A 66 2/3% vote of each class of the public benefit corporation’s outstanding stock is required to adopt amendments to a public benefit corporation’s certificate of incorporation or to effect mergers or consolidations if the effect would be to abandon their public benefit purpose.  For a corporation that is not a public benefit corporation to amend its certificate of incorporation to become a public benefit corporation or to effect a merger or consolidation that would result in its stockholders receiving shares in a public benefit corporation, a 90% vote of each class of the corporation’s outstanding stock is required.  Stockholders of a corporation that is not a public benefit corporation that, by virtue of an amendment to the corporation’s certificate of incorporation or any merger or consolidation, receive equity interests in a public benefit corporation are entitled to appraisal rights.  The legislation also makes corresponding changes to the appraisal provisions in Section 262.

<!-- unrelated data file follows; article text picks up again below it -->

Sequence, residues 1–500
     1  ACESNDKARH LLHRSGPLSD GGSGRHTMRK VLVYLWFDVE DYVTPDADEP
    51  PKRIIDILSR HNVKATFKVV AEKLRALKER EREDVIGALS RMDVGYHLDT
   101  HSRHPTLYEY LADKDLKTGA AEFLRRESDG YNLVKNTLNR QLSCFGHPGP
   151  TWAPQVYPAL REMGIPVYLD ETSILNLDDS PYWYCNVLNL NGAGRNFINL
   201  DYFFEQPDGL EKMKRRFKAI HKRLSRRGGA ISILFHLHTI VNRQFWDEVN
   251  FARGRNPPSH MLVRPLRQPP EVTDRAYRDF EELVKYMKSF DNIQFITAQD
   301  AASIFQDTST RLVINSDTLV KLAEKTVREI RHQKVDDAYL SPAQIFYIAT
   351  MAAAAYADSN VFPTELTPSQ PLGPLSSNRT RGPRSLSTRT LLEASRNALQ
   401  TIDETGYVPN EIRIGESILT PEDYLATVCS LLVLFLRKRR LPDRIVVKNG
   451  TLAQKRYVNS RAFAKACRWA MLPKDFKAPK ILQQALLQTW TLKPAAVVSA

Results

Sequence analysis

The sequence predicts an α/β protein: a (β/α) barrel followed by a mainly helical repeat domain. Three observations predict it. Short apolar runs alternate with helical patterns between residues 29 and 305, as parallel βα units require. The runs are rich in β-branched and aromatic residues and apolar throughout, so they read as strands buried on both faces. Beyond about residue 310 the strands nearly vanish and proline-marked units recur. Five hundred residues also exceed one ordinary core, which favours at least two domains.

Restrictions on Shelf Corporations; Sections 114(a), 312(b) and 502(a).  The legislation revises three sections of the DGCL to deter the practice of forming “shelf” corporations that have no stockholders or directors and take no substantive action with respect to the management of the corporation, and exist for the sole purpose of creating an “aged corporation” that will eventually be acquired or revived several years in the future.  Specifically, Section 502 of the DGCL as amended states that the annual report of a corporation, other than its initial report, must be signed by a director or officer, and states that the renewal or revival of a Delaware corporation must be approved by the corporation’s board of directors or by its stockholders.  Section 312(b), as amended, clarifies that the requirement for a certificate of renewal or revival to be filed with the authorization of a corporation’s board of directors as specified in Subsection 312(d) represents a statutory condition under the DGCL.

Formula for Stock Issuance Consideration; Section 152.  Language was added to Section 152 of the DGCL to clarify that a board of directors may determine the price or prices at which the corporation‘s stock is issued by approving a formula by which such price is determined.

 

 

AMENDMENTS TO THE DELAWARE LIMITED LIABILITY COMPANY ACT (DLLCA), THE DELAWARE REVISED UNIFORM PARTNERSHIP ACT (DRUPA) and THE DELAWARE REVISED UNIFORM LIMITED PARTNERSHIP ACT (DRULPA) (COLLECTIVELY “THE ACTS”)